Presentation Title

F-1 Physiognomy in Renaissance Society and Drama

Presenter Status

Department of English

Location

Buller Room 251

Start Date

8-11-2012 5:00 PM

End Date

8-11-2012 5:12 PM

Presentation Abstract

The relationship between the inward self and the body has been widely examined in early modern studies, particularly through the lens of humoralism—the makeup and effects of a person’s four humours. I want to redirect attention toward a largely overlooked discourse that likewise reveals a great deal about early modern understandings of the relationship between the body and inward selfhood—that of physiognomy, the practice of discerning character through the body, particularly the face. I suggest that by exploring early modern physiognomic practice, we can see the emergence of both the concept of character and the Cartesian separation of body and mind.

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Nov 8th, 5:00 PM Nov 8th, 5:12 PM

F-1 Physiognomy in Renaissance Society and Drama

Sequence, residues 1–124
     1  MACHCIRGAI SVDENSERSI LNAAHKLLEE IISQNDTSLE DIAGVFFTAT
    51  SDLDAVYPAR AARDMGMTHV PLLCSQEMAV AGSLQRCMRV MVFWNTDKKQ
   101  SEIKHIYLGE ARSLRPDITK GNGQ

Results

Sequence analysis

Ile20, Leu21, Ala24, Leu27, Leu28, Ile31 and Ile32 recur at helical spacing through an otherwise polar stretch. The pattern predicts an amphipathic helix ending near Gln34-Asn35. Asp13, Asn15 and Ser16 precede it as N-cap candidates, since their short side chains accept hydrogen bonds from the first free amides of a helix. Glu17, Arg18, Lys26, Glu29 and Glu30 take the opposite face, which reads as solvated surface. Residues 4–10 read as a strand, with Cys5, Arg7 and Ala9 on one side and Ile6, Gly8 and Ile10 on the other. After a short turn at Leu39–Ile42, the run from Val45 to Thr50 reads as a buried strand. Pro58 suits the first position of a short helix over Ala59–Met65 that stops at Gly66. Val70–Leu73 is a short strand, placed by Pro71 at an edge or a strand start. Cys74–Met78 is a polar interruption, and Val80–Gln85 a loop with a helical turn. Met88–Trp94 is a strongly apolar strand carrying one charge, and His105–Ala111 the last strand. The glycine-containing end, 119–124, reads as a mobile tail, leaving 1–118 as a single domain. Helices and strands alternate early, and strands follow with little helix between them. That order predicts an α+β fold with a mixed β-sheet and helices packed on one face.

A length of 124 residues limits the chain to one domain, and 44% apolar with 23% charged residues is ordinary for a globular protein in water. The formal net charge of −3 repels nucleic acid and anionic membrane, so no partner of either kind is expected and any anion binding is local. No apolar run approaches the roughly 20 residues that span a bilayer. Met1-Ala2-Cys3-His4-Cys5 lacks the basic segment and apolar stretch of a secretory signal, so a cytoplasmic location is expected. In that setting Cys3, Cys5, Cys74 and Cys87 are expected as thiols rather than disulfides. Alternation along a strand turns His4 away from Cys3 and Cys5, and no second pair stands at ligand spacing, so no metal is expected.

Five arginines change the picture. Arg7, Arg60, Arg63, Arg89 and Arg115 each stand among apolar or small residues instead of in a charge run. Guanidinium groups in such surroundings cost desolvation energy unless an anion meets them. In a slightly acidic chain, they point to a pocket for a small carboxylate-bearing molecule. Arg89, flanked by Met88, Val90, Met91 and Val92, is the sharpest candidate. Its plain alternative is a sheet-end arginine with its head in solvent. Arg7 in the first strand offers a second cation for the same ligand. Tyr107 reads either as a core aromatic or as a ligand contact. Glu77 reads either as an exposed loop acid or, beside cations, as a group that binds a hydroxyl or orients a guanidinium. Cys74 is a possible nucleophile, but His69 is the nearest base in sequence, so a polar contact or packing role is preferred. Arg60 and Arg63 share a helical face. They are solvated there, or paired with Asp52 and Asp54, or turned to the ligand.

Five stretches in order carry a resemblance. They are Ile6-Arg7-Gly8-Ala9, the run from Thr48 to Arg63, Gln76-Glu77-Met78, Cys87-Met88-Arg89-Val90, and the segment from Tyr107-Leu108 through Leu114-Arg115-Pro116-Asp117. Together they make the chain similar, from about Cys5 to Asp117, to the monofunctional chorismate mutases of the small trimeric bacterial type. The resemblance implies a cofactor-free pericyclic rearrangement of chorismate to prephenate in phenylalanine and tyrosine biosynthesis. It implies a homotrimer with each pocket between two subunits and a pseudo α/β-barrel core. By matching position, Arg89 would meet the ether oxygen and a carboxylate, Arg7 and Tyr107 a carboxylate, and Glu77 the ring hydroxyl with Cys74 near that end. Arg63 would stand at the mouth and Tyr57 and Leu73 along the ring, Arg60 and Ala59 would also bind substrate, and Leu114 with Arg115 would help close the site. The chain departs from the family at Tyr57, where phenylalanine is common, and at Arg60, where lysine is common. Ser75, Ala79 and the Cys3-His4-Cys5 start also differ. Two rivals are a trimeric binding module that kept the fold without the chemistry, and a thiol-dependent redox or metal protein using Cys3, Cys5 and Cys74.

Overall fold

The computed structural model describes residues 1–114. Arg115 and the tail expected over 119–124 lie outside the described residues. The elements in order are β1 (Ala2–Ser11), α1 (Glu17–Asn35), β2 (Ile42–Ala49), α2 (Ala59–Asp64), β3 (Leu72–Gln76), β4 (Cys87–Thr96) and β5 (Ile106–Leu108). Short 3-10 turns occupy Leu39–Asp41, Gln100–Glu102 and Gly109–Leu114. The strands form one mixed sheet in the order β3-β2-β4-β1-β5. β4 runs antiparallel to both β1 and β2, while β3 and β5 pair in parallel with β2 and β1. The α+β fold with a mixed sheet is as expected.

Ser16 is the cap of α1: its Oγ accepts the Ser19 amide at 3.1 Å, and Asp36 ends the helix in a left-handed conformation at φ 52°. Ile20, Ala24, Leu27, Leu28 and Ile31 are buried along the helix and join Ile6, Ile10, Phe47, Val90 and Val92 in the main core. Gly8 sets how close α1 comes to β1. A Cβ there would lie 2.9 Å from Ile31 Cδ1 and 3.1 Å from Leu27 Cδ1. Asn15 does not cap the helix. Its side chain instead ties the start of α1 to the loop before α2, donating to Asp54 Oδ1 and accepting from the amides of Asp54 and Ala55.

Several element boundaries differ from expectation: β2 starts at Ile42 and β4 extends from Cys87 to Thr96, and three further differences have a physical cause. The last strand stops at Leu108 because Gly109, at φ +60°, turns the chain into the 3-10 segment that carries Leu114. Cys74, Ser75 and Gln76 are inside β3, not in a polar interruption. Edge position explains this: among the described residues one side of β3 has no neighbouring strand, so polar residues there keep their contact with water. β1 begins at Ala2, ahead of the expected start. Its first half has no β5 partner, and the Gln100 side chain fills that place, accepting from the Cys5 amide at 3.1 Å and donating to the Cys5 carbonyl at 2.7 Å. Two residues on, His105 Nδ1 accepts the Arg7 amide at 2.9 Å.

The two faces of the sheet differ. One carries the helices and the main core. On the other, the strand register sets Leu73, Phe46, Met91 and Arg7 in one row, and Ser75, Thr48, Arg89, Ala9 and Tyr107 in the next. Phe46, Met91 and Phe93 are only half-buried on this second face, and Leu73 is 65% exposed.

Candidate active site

Buller Room 251

The relationship between the inward self and the body has been widely examined in early modern studies, particularly through the lens of humoralism—the makeup and effects of a person’s four humours. I want to redirect attention toward a largely overlooked discourse that likewise reveals a great deal about early modern understandings of the relationship between the body and inward selfhood—that of physiognomy, the practice of discerning character through the body, particularly the face. I suggest that by exploring early modern physiognomic practice, we can see the emergence of both the concept of character and the Cartesian separation of body and mind.